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Syrian Democratic Forces Reap Benefit From Oil Money

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Revenue from oil fields in Syria supports the Syrian Democratic Forces, not the United States, said a defense official.

"The revenue from [oil fields] is not going to the U.S. [It] is going to the SDF," said Jonathan Rath Hoffman, assistant to the secretary of defense for public affairs, during a news conference today at the Pentagon.

In a desert environment, a helicopter flies over the sands. Another helicopter sits on the ground near multiple vehicles.
Manbij Flight
A UH-60 Black Hawk takes off from a nearby outpost following a key leader engagement near Manbij, Syria, June 21, 2018.
Photo By: Army Staff Sgt. Timothy R. Koster
VIRIN: 180621-A-UQ901-155C

According to Navy Rear Adm. William D. Byrne Jr., the vice director of the Joint Staff, ISIS was in control of the oil infrastructure in Syria in 2015 and was producing 45,000 barrels a day — worth about $1.5 million.

Hoffman said ISIS used that money to fund operations not just in Syria and the region, but throughout Europe and the world. "And we want to prevent that from happening," he said.

The U.S. military and partners in Syria now work "shoulder to shoulder" to keep ISIS forces from ever again having access to the Syrian oil infrastructure and the revenue it produces, Byrne said. Nevertheless, controlling the oil fields in Syria is not the U.S. mission in the country.

"The mission is to defeat ISIS," Byrne said. "The securing of the oil fields is a subordinate task to that mission. And the purpose of that task is to deny ISIS the revenues from that oil infrastructure."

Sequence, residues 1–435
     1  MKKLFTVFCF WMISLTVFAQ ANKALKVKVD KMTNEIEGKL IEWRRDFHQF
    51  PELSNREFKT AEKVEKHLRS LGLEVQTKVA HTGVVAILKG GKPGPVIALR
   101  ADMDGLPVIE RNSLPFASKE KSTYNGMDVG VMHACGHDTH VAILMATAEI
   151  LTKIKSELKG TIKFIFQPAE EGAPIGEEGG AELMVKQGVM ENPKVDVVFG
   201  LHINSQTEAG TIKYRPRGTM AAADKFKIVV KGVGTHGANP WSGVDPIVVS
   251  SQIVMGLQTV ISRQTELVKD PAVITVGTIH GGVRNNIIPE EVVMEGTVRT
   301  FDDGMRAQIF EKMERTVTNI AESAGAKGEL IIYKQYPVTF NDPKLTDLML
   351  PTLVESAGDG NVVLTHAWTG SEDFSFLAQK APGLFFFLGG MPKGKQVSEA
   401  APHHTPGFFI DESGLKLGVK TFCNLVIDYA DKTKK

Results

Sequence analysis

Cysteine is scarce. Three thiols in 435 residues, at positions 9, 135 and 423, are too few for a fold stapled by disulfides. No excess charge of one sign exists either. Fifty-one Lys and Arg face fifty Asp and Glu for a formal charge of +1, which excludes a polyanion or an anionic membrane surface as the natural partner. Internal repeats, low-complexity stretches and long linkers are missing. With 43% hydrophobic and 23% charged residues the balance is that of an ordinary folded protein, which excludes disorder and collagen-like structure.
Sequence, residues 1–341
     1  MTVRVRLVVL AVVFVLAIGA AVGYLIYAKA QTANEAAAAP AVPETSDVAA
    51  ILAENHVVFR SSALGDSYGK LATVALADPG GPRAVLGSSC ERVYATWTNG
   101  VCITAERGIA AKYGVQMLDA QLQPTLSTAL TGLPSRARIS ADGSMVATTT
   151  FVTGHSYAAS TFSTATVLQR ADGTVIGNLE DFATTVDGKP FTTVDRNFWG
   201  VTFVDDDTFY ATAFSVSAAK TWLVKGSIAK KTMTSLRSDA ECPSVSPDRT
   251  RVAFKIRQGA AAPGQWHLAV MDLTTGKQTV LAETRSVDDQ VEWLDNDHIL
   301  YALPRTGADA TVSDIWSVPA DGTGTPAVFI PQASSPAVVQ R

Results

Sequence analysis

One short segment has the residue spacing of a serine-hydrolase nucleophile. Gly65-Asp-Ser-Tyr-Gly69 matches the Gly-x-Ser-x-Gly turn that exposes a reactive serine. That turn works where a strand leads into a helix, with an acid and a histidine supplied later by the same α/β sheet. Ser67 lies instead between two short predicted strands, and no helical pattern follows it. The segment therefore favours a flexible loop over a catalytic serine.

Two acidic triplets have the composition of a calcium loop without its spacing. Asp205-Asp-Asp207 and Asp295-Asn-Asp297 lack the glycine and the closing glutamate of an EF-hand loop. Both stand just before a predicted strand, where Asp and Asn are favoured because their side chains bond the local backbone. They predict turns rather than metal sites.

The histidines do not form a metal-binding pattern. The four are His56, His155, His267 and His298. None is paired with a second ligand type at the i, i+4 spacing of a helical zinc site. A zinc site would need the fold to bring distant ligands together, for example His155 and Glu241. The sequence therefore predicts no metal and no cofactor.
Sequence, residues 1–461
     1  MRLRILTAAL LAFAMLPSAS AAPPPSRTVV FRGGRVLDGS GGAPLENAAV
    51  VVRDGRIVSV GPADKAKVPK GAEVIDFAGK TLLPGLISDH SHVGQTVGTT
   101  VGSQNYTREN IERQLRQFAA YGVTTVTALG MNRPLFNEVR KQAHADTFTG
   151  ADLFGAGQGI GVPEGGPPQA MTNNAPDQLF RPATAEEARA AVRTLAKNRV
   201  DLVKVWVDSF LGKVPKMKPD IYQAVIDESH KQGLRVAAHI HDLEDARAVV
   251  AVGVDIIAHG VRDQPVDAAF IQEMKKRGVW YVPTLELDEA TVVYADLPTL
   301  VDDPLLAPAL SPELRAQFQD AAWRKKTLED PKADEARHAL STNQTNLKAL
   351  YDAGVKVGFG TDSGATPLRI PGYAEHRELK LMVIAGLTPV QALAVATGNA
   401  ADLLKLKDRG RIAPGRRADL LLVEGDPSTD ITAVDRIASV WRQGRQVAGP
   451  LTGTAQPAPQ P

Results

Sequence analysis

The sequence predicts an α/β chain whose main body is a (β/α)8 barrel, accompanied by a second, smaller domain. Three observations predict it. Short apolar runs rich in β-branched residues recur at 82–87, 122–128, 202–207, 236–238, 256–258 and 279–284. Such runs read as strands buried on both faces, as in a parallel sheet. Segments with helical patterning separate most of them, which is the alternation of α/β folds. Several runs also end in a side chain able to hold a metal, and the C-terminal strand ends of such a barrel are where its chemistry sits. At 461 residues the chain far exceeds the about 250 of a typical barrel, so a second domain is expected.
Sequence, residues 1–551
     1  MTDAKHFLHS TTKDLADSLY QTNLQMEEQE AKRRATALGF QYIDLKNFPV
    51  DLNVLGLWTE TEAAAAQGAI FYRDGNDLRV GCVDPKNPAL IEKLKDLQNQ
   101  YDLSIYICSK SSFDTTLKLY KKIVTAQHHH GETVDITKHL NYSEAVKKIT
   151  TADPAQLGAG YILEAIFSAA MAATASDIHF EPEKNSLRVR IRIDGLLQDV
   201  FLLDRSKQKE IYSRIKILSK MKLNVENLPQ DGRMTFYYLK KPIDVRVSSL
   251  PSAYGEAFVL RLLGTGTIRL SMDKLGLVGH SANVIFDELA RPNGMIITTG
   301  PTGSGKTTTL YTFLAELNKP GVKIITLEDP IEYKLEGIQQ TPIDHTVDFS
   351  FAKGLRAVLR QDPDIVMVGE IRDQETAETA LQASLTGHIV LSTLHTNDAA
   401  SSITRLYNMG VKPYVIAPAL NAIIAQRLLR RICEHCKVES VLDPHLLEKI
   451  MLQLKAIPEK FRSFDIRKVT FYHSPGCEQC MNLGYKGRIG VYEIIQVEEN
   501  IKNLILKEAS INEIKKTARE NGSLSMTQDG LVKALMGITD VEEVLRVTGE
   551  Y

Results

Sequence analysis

Two men stand behind lecterns. On the wall behind them, a sign reads “the Pentagon.”
Pentagon Questions
Assistant to the Secretary of Defense for Public Affairs Jonathan Rath Hoffman and Navy Rear Adm. William D. Byrne Jr., Joint Staff vice director, respond to questions at a news conference at the Pentagon, Washington, D.C., Nov. 7, 2019.
Photo By: Navy Petty Officer 2nd Class James K. Lee, DOD
VIRIN: 191107-D-WA993-0595

Hoffman said ISIS is not eliminated, rather, it's weakened from what it once was.

"The physical caliphate, the physical ownership and control of land, has been defeated," he said. "We've not said that ISIS as an ideology and ISIS as an insurgency has been eliminated."

Now, he said, ISIS conducts insurgent operations in the country, but continues to look for opportunities to regain its strength. "One of the ways they would be able to grow that back is by obtaining access to revenue, including the oil fields."

Hoffman said U.S. efforts to secure oil fields in Syria serve two purposes. The first is to keep ISIS from benefiting from the revenue the oil fields provide.

A uniformed service member aims his rifle.
Readiness Assessment
Soldiers with the Syrian partner forces establish a perimeter defense during a readiness assessment in the Dayr az Zawr province, Syria, Nov. 12, 2018.
Photo By: Army Sgt. Arjenis Nunez
VIRIN: 181112-A-SI386-0231C

The second, he said, is to provide Kurds in the area and the SDF with the funding they need to keep pressure on ISIS.

"It's preventing ISIS from getting it," Hoffman said, while at the same time allowing the Kurds and the SDF to have control of it, as well.

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